A Bible Study for Anxious Times:
"It Is Well with My Soul"
by Rev. Lee Johnson

MAY 24, 2020

READY


Horatio Spafford, a good and righteous person, a devout Christian, a Presbyterian lay person, a husband and father, a Chicago lawyer who invested heavily in lakeshore property, has a "Job-like" story.  His young son died just before the 1871 Chicago Fire, which overnight devastated Spafford's financial assets.  Two years later, Spafford sent his wife and four daughters to England on the S.S. Ville du Havre to join in a European evangelistic effort.  He was to follow a week later.  On its way, the Ville du Havre collided with another ship, killing Spafford's four daughters.  Once ashore, his wife cabled, "Saved alone."  Spafford then left for London.  Story has it he wrote the lyrics to "It Is Well with My Soul" while sailing to meet his wife.

SET

What makes your soul well?  We know what stress does to our bodies.  The list is long:  tightness in the back and neck, headache, stomach pain, raised blood pressure, increased pulse.  Stress calls the doctor seeking relief.  We want to live well.  But what about our souls?  Surely there is a connection between our body and soul.  They do not live apart from each other.  So what makes our oftentimes troubled souls well?  Does a stressed out body reveal a stressed out soul?  Five years ago, I sent a friend a devotional book, "Healing After Loss."  Her son had died in an accident a few years prior.  Her grief, understandably, had been hard.  Last week, she sent me a text accompanied by a picture of her now tattered-edged devotional.  The book, she said, had been a source of comfort.  "It's been well-loved," she wrote.  What makes a troubled soul well?

GO

In Romans 12:1-8, Paul writes about our bodies.  They are to be used, he says, in ways that discern the "will of God."  Might our souls be used in similar fashion?  In discerning God's will, Paul advises:  "Do not be conformed to this world."  While you live in it, do not live of it.  Often our bodies are controlled by events over which we have no say (see the story of Horatio Spafford).  It was at a moment of great stress that Spafford first sought comfort for his soul.  He wrote a hymn that would forever serve the well-being of our souls, too.  Talk about living in the world but not of it.  In this time of COVID-19 stress that is so focused on our bodies, we have been reminded to look to our souls, too.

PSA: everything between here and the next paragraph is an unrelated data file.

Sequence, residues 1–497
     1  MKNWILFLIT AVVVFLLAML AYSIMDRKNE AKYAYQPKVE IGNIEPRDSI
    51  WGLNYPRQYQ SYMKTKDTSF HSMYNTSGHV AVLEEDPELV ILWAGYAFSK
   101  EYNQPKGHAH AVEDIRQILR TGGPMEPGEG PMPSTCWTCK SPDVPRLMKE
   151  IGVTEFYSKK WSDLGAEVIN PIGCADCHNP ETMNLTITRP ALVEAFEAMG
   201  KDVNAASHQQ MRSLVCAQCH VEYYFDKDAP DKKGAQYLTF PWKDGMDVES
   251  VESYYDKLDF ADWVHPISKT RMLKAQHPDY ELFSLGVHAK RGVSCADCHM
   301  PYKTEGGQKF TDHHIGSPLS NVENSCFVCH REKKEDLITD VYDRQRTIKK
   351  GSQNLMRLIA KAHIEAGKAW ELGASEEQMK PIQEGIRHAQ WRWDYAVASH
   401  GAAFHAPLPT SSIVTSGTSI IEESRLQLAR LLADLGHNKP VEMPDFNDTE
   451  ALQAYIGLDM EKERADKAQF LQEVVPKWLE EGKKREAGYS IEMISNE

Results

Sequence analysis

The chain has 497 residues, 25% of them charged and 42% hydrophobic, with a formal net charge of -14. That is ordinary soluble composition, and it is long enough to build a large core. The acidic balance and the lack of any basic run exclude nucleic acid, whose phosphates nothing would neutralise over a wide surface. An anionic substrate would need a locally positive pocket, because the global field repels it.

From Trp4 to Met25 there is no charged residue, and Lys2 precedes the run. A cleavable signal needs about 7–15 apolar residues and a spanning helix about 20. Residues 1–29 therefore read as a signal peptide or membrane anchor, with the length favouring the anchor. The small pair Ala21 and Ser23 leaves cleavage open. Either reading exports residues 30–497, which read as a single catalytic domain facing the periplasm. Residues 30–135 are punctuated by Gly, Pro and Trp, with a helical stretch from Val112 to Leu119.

STUDY:  

Read Romans 12:1-8
Listen online to "It Is Well with My Soul" at https://www.youtube.com/watch?v=AHe_qmo3gX4

APPLY

This is Memorial Day weekend, a time when we remember loved ones, family, and friends.
Does the act of remembering bring your soul peace?  If so, why?
What about living in the world but not of it?  What does this mean for you?
How have the events of the past few months challenged your body and soul?
Have you thought about a connection between the two?
Where do you go for the well-being of your soul?

WATCH:

Asbury's Weekend Worship:  https://www.visitasbury.org/sermons/
Beginning Saturday, May 23 at 5:00 pm

REPEAT:

Three times on Sunday:  "It Is Well with My Soul."